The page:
Groveport Madison schools
Forecast takes aim at 'unwise' spending habits
In preparation for a levy request -- possibly as soon as spring -- Treasurer Anthony Swartz has prepared a five-year financial forecast aimed at getting the Groveport Madison school district out of some unwise spending patterns.
In a presentation to the school board Sept. 12, Swartz said a primary issue for the district has been spending tax advance funds, which is money given to the district based on anticipated tax revenue, before the actual revenue is realized.
In his report, Swartz said an 8-percent reduction in property values following the 2011 reappraisal process hurt the district significantly in 2012 and 2013. In addition, delinquent property taxes meant for the district have reached nearly $2.5 million -- a delinquency rate of more than 10 percent.
"Since I got here, we've been in the unwise habit of spending that advance money when we get it, but we're working to change that," Swartz said.
He said the problem with doing that is when the actual tax revenue falls below what is anticipated, which it has, the district budget ends up in the red.
According to Swartz, the five-year financial forecast he's developed will get the district out of this spending pattern and get the budget to a neutral state.
"The goal is to get out of the red, and this will all tie in to any levy request as well, like the need to provide for bringing back bus transportation and some of the other things we had to cut going into this year," he said.
"In this first year of cuts, you don't see the full effects due to some carryover, like retired or let-go teachers' salaries that we still have a couple months to pay on.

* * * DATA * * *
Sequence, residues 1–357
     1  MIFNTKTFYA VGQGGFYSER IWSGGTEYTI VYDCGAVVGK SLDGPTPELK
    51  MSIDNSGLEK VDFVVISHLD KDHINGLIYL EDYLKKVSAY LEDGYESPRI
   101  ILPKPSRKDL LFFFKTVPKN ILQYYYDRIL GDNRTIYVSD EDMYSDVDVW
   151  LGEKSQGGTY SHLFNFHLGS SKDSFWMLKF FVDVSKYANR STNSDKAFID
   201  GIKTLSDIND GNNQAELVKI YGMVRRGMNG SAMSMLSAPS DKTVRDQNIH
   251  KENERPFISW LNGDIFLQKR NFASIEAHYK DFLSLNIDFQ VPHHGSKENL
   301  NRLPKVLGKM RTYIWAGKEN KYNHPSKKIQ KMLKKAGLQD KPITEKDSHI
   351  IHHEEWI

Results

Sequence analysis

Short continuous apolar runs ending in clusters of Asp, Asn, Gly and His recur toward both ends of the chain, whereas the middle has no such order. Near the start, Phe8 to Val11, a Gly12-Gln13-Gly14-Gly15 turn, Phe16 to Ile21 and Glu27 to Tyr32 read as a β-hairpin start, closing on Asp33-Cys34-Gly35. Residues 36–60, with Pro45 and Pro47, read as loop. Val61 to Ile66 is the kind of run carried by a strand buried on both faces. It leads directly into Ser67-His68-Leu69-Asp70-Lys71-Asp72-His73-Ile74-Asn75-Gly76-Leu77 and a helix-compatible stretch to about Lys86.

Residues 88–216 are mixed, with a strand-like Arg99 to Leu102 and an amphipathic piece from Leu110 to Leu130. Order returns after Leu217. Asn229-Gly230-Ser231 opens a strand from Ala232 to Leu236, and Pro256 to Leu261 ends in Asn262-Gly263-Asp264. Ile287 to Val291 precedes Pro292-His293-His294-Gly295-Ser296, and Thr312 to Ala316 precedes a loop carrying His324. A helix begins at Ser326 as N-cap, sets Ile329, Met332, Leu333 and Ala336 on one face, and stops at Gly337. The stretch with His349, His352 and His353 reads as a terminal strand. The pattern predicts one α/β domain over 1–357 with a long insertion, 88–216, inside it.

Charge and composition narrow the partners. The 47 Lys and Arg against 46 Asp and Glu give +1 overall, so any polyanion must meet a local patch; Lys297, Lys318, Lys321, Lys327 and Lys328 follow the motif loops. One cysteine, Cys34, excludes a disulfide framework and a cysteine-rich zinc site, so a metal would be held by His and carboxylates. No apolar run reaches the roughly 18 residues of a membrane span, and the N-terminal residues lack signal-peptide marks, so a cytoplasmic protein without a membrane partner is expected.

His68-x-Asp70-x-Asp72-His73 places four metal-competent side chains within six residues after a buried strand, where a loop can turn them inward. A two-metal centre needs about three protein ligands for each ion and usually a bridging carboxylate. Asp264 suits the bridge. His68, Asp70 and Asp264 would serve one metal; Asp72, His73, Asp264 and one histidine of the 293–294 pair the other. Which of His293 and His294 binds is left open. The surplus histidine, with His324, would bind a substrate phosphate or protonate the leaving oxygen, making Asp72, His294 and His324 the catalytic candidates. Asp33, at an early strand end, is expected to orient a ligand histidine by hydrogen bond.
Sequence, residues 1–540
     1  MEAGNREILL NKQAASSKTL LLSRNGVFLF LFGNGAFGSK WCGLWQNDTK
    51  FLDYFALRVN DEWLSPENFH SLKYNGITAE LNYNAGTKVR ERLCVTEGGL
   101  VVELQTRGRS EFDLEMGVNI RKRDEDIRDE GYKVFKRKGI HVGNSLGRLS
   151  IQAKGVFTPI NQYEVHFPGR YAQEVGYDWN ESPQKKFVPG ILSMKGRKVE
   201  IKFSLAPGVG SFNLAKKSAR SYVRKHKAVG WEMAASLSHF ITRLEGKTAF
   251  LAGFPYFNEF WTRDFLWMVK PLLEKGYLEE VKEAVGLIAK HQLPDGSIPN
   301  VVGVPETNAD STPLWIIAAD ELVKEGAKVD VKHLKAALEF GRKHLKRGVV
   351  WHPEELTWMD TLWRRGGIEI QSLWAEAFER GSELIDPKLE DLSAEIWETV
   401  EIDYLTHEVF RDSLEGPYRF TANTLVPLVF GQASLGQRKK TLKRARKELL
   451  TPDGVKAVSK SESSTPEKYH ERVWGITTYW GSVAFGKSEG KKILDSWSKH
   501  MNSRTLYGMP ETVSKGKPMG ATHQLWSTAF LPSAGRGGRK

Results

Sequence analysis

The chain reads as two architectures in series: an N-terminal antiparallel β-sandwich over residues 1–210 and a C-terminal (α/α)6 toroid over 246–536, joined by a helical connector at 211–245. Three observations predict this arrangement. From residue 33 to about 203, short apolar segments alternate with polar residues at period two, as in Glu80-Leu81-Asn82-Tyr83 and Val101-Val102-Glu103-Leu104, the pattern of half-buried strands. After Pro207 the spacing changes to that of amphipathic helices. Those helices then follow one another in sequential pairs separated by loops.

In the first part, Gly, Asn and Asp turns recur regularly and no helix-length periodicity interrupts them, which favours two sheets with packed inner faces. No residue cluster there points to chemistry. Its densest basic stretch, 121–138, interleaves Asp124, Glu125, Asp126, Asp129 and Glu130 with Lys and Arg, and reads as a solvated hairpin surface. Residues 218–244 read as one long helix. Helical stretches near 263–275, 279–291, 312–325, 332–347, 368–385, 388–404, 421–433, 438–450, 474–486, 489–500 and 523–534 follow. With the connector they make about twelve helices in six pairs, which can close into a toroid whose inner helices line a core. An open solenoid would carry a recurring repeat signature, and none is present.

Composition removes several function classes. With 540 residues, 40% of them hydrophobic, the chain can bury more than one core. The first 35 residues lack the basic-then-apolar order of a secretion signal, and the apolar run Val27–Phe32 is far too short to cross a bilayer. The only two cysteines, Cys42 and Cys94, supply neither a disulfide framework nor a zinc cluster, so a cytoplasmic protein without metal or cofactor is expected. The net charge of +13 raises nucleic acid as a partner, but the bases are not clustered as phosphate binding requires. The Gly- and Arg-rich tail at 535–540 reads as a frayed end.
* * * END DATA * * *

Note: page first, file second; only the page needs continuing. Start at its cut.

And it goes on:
"But we get pretty close to break-even by fiscal year 2017. That's in regards to paying off the advances," he said.
When factoring in other revenues and expenses outside of the issue of the tax advances, the five-year forecast shows the general fund balance at the end of fiscal year 2014 is expected to be short by $4,278,715.
That drops to an anticipated deficit of $1,452,039 by fiscal year 2018.
There are other factors keeping the general fund budget from moving back into the black, Swartz said. He noted the district's medical insurance costs increased by 6 percent this year, and state cuts such as ending the homestead reimbursement and tangible property taxes also removed revenue streams.
While he said he couldn't guarantee costs for current expense items wouldn't rise, he is comfortable planning on the fact that revenue is likely to stay flat.
"Revenue in this district is getting to be a little easier to estimate," Swartz said. "We've had little growth and expect little growth in the future, so we've been able to establish this based on the actuals from last year and maintain that across all five years of the forecast."